The Fellowship of the Ring, by J. R. R. Tolkein

Hello everyone, and welcome to my month of Tolkein!

I’ve already covered The Hobbit, so I’m kicking this thing off by talking about the first in The Lord of the Rings Trilogy, The Fellowship of the Ring.

I think one of the main things to consider when it comes to reading The Lord of the Rings in general is this: you probably already know the story. You probably already know it in quite some depth, since the films are so popular and are also pretty faithful. So, the question when it comes to reading The Lord of the Rings isn’t whether you’re in for any surprises, or whether the adventure you’re about to read is going to be a good one. You already know.

Fellowship of the Rings

No, the question is: are you going to get anything new from the books? And I think that the answer is: absolutely. For one thing, if you are into Lore, there is a ton of it in the books that isn’t in the films, or is hinted at vaguely and not really mentioned again. It comes in through a lot of poems though, so if you’re not into poetry, be warned!

There’s also the business with the elves. Now, while I still like Peter Jackson’s films, the elves in them are just sooo boring. So boring. Except maybe Legolas, and now he’s boring in the Hobbit trilogy. But I love the elves in the books. In The Fellowship of the Ring, for example, there is this whole feeling of nostalgia for the age in which they are currently living. They are either glorious and terrible or they just muck about and sing all the time, but more and more of them are leaving the land and going West (I haven’t really found out why yet).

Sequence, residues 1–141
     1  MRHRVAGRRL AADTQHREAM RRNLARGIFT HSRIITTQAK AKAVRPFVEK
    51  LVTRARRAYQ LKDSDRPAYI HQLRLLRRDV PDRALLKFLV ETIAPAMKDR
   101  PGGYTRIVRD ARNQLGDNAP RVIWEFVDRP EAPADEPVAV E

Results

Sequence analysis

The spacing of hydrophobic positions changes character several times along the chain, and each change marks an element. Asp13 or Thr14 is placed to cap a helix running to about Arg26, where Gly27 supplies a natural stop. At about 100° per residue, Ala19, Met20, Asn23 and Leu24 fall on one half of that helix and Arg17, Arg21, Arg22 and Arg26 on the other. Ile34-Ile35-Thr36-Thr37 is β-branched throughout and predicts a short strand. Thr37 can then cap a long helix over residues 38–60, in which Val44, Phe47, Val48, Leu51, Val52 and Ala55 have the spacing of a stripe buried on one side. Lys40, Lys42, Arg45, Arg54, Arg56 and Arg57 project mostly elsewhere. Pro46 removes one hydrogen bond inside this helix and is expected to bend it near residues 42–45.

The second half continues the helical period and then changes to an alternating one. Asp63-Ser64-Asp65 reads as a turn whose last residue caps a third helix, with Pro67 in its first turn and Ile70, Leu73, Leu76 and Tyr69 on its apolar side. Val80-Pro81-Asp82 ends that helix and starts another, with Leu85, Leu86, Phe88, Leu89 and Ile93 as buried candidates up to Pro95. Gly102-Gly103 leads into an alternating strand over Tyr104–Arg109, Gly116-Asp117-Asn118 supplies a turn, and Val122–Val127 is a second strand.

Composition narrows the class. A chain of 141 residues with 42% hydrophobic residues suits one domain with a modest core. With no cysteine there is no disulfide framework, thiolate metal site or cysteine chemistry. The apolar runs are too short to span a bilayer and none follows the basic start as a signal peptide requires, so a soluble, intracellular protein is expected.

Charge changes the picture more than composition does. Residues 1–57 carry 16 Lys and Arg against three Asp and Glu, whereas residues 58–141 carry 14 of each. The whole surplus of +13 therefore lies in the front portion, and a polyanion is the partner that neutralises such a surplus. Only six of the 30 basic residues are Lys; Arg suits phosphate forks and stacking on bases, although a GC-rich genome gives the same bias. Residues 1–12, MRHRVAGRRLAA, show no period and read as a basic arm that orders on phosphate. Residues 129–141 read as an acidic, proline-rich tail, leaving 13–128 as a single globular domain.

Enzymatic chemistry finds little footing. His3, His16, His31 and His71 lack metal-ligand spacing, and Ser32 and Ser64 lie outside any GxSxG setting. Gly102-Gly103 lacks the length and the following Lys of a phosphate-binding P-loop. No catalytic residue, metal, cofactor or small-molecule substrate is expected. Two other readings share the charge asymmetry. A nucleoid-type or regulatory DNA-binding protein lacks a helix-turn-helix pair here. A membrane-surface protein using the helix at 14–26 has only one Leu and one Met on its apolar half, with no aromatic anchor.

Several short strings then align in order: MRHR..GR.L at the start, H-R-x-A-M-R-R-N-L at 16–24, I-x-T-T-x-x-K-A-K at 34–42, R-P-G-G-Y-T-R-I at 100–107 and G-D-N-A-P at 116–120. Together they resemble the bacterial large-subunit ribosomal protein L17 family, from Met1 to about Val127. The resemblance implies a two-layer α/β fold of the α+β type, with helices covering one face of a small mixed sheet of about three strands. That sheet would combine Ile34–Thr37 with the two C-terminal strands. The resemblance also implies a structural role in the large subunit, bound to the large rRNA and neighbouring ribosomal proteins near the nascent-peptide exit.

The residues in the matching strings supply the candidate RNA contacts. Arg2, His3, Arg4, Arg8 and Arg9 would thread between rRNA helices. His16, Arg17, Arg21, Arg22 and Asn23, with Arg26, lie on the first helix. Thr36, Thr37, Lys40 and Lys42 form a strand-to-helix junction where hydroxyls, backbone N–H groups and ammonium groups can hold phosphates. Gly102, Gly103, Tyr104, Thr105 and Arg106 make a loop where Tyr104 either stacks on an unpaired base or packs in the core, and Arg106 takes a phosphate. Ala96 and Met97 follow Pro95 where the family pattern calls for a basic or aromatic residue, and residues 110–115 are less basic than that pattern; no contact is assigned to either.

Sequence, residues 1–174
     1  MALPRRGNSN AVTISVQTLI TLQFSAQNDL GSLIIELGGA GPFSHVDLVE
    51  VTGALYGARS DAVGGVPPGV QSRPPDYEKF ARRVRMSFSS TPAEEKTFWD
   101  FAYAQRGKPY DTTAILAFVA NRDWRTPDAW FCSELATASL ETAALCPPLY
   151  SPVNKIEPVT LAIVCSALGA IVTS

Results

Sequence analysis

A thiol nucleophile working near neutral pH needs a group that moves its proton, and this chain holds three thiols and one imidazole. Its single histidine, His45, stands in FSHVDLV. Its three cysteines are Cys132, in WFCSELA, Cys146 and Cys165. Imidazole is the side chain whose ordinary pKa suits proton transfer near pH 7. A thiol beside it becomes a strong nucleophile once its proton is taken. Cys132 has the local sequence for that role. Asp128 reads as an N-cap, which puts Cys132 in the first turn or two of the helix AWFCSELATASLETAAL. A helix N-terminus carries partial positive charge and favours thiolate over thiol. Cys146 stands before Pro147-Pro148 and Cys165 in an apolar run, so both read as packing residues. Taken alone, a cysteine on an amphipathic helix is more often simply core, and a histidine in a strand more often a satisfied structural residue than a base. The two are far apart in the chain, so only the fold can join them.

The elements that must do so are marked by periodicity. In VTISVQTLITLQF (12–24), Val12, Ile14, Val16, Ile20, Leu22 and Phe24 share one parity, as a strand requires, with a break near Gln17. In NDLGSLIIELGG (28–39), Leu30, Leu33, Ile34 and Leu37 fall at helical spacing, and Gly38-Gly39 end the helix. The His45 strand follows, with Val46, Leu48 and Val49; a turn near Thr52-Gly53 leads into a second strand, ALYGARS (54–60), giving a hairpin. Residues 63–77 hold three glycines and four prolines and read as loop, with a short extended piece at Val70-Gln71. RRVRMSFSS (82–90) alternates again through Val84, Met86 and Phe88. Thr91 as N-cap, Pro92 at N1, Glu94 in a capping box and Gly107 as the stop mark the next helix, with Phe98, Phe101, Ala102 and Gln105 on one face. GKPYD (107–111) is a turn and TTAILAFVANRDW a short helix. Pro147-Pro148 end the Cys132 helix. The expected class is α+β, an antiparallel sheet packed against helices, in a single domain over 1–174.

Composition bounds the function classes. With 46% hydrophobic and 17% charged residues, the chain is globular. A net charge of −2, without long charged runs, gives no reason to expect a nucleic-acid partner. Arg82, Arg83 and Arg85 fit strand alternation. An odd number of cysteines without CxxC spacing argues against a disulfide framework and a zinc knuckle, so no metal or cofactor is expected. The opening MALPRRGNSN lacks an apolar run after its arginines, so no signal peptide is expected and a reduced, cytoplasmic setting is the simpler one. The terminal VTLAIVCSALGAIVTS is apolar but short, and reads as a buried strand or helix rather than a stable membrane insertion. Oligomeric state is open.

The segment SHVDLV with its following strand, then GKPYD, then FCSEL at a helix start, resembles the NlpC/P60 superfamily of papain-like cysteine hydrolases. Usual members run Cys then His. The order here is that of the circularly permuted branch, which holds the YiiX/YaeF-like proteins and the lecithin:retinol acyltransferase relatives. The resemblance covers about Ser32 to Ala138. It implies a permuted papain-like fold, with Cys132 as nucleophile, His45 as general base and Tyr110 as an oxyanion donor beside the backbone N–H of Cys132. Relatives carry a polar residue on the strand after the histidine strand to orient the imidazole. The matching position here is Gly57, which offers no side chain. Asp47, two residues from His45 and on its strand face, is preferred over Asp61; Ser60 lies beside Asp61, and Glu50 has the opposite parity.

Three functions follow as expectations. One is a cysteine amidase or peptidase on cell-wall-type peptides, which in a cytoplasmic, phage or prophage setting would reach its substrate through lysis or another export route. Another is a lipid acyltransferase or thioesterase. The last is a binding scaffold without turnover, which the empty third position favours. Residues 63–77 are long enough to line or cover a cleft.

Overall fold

At the same time, Galadriel, who holds one of the rings of power, is maintaining the elves’ lifestyle in Lothlorien. We are to understand that the elves’ rings take their power, in some way, from the One Ring, and that the destruction of the One Ring will mean the slow disintegration of elvish society, and so she isn’t particularly chuffed at Frodo’s quest. Also, she’s kind of mean, and gets into peoples’ heads to test them.

I would say that the very best thing Peter Jackson added to the film was this scene:
This scene doesn’t happen at all in the books – actually the Council of Elrond is all about discussing what’s going on, and then later Elrond chooses the Fellowship partly to ensure a representative racial balance and partly just because Aragorn and Boromir are going that way in any case. Which is not nearly as epic.

Overall, I would say The Fellowship of the Ring is worth the time it takes to read it – especially if you enjoyed the film, or like fantasy in general. They are actually quite a calming read, and you don’t need to worry too much about the Lore, which is repeated a few times. Next week: The Two Towers. And Ents. So Many Ents.


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